Kuwait detains anti-US cleric

Kuwaiti authorities have arrested a leading Muslim cleric accused of publicly opposing Kuwait's support for the US-led war on Iraq in March 2003.

    Kuwait was a main launching pad for the US-led war on Iraq

    Shaikh Hamad al-Ali was detained for 21 days pending an investigation, his lawyer Fahd Kumaikh said on Sunday.

    Kumaikh said his client was called on Saturday by state security and briefly interrogated before being referred to the public prosecution.

    The lawyer added he was not informed of the charges on which the cleric was questioned because he was barred from attending the interrogation.

    "I was not allowed to attend the interrogation, which is a violation of Kuwaiti law, but I was told by legal sources that the cleric was detained for 21 days," Kumaikh said.

    Legal sources, however, said the cleric was being questioned over his calls for holy war.


    Hamad, 50, was first questioned by the public prosecution on 31 August on charges that he had called for jihad against US forces in Iraq and was freed without bail.

    The cleric was handed a two-year suspended jail sentence last June for publicly opposing Kuwait's support for the US-led war on Iraq in March 2003, which toppled President Saddam Hussein.
    The verdict was based on Hamad's fatwa, or religious edict, which stated that "any backing by a Muslim country of foreign troops in attacking another Muslim state contravenes Islamic teachings," in reference to Kuwait's support for the invasion of Iraq.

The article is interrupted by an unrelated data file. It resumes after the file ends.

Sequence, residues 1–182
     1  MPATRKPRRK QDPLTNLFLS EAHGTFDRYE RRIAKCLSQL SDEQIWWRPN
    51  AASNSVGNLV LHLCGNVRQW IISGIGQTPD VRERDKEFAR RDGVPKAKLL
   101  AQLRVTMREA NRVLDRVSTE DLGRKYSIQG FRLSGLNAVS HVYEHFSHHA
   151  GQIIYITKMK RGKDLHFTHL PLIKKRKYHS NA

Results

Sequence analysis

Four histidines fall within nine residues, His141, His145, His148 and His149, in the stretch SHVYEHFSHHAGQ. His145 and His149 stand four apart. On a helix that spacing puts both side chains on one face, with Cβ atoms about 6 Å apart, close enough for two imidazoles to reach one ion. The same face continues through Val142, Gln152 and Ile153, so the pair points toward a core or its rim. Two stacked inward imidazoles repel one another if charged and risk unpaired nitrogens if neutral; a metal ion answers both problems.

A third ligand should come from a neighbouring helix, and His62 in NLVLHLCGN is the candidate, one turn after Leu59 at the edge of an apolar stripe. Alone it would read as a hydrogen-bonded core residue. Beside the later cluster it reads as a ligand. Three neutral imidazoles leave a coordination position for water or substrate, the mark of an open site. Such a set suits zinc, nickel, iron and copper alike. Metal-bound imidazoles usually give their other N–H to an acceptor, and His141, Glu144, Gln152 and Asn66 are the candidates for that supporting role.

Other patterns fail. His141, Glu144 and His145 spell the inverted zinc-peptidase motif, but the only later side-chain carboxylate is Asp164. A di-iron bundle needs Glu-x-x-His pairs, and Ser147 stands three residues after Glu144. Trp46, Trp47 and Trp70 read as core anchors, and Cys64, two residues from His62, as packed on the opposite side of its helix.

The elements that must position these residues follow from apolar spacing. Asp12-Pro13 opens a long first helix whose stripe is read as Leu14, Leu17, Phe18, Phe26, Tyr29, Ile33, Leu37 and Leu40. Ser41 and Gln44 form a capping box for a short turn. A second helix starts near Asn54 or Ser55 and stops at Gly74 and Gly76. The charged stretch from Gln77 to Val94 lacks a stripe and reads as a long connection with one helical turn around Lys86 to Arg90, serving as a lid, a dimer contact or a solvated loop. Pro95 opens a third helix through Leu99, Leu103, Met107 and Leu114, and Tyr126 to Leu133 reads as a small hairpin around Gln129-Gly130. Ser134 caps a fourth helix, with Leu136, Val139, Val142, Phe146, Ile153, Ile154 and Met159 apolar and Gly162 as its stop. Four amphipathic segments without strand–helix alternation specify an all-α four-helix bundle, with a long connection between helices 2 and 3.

Hamad was the secretary-general of the Salafi Movement for five years until 2000.

    He was stopped last month by the Ministry of Islamic Affairs from delivering weekly sermons at a government mosque.

    Kuwait, which was invaded by Saddam's army in August 1990 and occupied for seven months, served as the main launch pad for the US-led war.



    'We will cut your throats': The anatomy of Greece's lynch mobs

    The brutality of Greece's racist lynch mobs

    With anti-migrant violence hitting a fever pitch, victims ask why Greek authorities have carried out so few arrests.

    The rise of Pakistan's 'burger' generation

    The rise of Pakistan's 'burger' generation

    How a homegrown burger joint pioneered a food revolution and decades later gave a young, politicised class its identity.

    From Cameroon to US-Mexico border: 'We saw corpses along the way'

    'We saw corpses along the way'

    Kombo Yannick is one of the many African asylum seekers braving the longer Latin America route to the US.